How Do You Avoid Overworking?

Interim Ministry Workshop, Tuesday-Thursday March 14–16, 2023, Heritage Christian University, Florence, Alabama

I observed in full-time ministry, the longer I stayed at a congregation, the more difficult my work became. I started out full speed and increased as time passed.

One of the joys of interim ministry is not doing that. I don’t take many jobs because the last preacher did them. I might not be competent to do what he did well. It may be something local people can do better because they know the congregation, and I don’t. If I take on too many tasks, often it’s after I’ve been there for a year or more. I can already see the end coming. I can put up with about anything for a few more months.

In my second full-time work, the hospital was only a few blocks from the church building. I started and continued my rules for visiting.

  • Visit everyone in the hospital every day, twice if they were very sick, three or more times if they were dying.
  • Visit nursing homes and shut-ins every month.
  • Arrive at the hospital before the patient receives the “happy shot” and have a prayer. Sit with the family during surgery. When they finish the surgery, the patient wakes up, pray, and go home.
  • Visit all visitors.
  • Visit newcomers to the community.

This was besides leading home Bible studies, teaching personal work training classes, and being an active member of a visitation team.

The church averaged 200 when I came and 300 when I left. With a 50% increase in members, there came more sick people and others who fit into my rules for visiting. It became overwhelming. I didn’t know how to change my rules. I didn’t discuss it with anyone. I thought if I decreased, people would think I was getting lazy.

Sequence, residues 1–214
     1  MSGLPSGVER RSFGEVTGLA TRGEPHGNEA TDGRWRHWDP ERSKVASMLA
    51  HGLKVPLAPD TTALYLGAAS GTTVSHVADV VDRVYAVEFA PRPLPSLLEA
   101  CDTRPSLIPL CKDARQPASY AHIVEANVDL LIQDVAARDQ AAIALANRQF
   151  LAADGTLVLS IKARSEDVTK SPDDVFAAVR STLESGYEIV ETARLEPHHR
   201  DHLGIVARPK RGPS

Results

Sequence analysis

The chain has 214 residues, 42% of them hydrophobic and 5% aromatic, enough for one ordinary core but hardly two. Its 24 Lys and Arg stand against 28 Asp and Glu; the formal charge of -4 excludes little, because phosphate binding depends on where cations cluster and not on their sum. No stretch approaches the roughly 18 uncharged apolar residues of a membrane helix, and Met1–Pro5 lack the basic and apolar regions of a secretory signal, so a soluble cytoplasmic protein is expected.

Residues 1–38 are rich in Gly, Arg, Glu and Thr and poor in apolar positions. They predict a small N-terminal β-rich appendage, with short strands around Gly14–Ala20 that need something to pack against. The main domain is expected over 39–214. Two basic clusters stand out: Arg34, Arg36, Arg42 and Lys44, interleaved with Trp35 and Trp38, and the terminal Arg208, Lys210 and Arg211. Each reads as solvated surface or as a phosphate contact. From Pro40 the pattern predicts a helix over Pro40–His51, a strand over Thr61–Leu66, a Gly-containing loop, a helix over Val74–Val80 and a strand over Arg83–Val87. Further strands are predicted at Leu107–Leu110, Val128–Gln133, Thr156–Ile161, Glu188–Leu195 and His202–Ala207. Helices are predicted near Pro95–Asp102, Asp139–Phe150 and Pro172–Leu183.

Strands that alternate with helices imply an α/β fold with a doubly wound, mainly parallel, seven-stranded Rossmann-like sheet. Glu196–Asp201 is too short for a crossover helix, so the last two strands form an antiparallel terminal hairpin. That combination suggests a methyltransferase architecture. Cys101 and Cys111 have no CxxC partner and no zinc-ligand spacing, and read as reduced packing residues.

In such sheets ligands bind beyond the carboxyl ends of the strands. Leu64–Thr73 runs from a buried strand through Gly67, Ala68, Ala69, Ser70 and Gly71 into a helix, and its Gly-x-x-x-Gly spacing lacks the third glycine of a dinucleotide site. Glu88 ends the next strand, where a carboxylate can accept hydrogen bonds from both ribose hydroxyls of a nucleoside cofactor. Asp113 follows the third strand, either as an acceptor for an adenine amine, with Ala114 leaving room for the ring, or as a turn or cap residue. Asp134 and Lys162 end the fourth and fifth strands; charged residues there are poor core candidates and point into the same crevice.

Suggestions for Managing Time Better

  • Start out like you can hold out. Don’t start at 150% and plan to slow down later.
  • Decide what the most important tasks for a preacher, elder, deacon, or member are. Don’t try to do everyone else’s work.
  • Realize everyone in the hospital doesn’t want or need a visit from the preacher. Don’t visit people because you need to visit everyone every day, but to be helpful to those who need a visit. One way to learn who needs a visit is to establish good communication practices with others. Read more: Communication Rules.
  • Train Christians for ministry. The job of leaders isn’t to do all the work that needs to be done in the church but to train others for the work of ministry. “And He Himself gave some to be apostles, some prophets, some evangelists, and some pastors and teachers, for the equipping of the saints for the work of ministry, for the edifying of the body of Christ (Ephesians 4:11, 12, NKJV).
  • Elders can help oversee the preacher and others. At one congregation, when I asked to do a new project, the elders would question, “What are you going to drop to have time for this new work? You are already working many hours. How will you take on this new task? What will suffer? What will you cut?”
  • When you get in trouble with time, ask for help and wisdom.

What have you done to deal with burnout (being “weary in well doing”)?

Comment below.

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Jerrie Barber
Disciple of Jesus, husband, grandfather, preacher, barefoot runner, ventriloquist

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